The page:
The Zig programming language is rapidly rising in popularity as a general-purpose language with a focus on building safe and performant software. It emphasizes memory safety, performance, and clarity, aiming to provide a modern alternative to languages like C and C++. Zig offers features such as compile-time execution, zero-cost abstractions, and an expressive syntax, making it suitable for a wide range of applications from system programming to high-level application development.
In Wolfi, we build everything from source ourselves, including a fully bootstrapped toolchain. We’ve shipped code based on Zig for months now, which means we’ve also had a bootstrapped Zig package for some time. While it’s true that Zig is great at compiling code into portable runtimes, making containers slightly less necessary, it can still be useful to run Zig itself in a container in CI/CD systems, or to run Zig programs in containerized environments if you’re already using them for other applications.
There aren’t any maintained alternative Zig images available, so we decided to create a new Chainguard Image based on our existing Zig package.
You can get started using the Chainguard Zig Image by creating a Zig application and running it. Here’s a quickstart guide:
For a more production-ready Docker image, you should use a multi-stage Docker build, like this:
Now for the final trick – WebAssembly (WASM). WASM has been popular in the browser space for awhile, but recently it has started to emerge on the server-side as well. WASM enables portable, safe, and high-performing server applications written in a variety of languages. Zig, being a systems programming language with a focus on performance, safety, and low-level control, is well-suited for developing server-side WASM applications. Its ability to interface with C and its support for low-level operations make Zig a powerful choice for leveraging the benefits of server-side WASM in building fast and secure web services.
Docker recently added support for running WASM workloads, so our Zig toolchain Image is a great fit for this use case. To run Zig as WASM inside Docker, try out this Dockerfile:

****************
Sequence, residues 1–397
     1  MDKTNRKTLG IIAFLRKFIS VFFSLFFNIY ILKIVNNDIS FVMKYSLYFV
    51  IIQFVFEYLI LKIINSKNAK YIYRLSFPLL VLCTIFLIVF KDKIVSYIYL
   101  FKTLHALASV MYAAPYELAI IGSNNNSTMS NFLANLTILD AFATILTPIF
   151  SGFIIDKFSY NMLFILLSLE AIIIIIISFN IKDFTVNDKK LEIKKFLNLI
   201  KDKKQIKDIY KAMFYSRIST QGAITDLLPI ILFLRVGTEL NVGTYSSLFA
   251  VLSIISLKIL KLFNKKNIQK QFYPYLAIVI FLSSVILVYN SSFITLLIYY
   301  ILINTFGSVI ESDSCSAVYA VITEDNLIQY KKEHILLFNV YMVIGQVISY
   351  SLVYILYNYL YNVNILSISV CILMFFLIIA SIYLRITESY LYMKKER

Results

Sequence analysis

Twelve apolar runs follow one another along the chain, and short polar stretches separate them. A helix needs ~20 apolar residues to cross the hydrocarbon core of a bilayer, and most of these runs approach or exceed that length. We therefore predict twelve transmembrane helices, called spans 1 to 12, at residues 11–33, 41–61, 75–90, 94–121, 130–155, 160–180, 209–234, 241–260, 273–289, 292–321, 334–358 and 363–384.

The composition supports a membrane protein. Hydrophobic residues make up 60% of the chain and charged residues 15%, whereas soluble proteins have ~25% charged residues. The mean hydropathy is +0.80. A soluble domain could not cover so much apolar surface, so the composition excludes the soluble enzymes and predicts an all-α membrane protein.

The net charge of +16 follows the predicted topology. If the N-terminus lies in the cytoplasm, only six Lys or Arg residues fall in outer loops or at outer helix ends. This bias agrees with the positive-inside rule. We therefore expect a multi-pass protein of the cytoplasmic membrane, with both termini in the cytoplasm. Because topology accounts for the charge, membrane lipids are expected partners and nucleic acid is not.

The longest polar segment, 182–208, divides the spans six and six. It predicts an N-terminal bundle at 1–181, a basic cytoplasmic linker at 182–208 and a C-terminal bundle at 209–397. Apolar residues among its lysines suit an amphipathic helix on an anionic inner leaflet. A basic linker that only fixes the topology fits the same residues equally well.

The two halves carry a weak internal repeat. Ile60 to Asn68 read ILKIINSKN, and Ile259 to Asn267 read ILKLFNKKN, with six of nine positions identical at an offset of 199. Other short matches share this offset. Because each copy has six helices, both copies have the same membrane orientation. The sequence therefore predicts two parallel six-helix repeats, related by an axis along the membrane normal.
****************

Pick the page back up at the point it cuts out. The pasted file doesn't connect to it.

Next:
Then build and run it in a WASM runtime:
As we were working on our Zig Image, we found there aren’t any existing Zig images available. Comparisons are irrelevant in this case, but our stats for the Zig Image are 96MB (size), and of course comes with zero-known CVEs.
Zig (and WASM) are fairly new images and ecosystems, so if you use this we’d love feedback and are open to making changes to the Image to make it work better for your use cases or easier to use.
As always, the binaries in our Images are built from source and come with comprehensive and SBOMs from the start. These SBOMs contain the package metadata for everything in the Image and can be used for vulnerability scanning or license compliance. You can download the SBOMs for these containers with cosign:
If you want to use container images with more security built in by default, start using Chainguard’s Zig Image today at github.com/chainguard-images, or get started with our Zig Image using documentation in Chainguard Academy. Chainguard Images are now available for Apache, Bazel, curl, Git, Go, Jenkins, Postgres, Pulumi, Python, Ruby and more. We currently offer our public Chainguard Images catalog at no cost to users, which includes features like SBOMs, signatures and SLSA Build Level 2 provenance information. If your organization requires patching SLAs, older version support or Images for compliance requirements, we offer Standard and Custom catalog tiers. Contact our team to learn more.
Update on our public Chainguard Images catalog: On August 16, 2023, we made changes to how Chainguard Image tags are pulled. Please see this announcement for further details about accessing our free, public Chainguard Images catalog.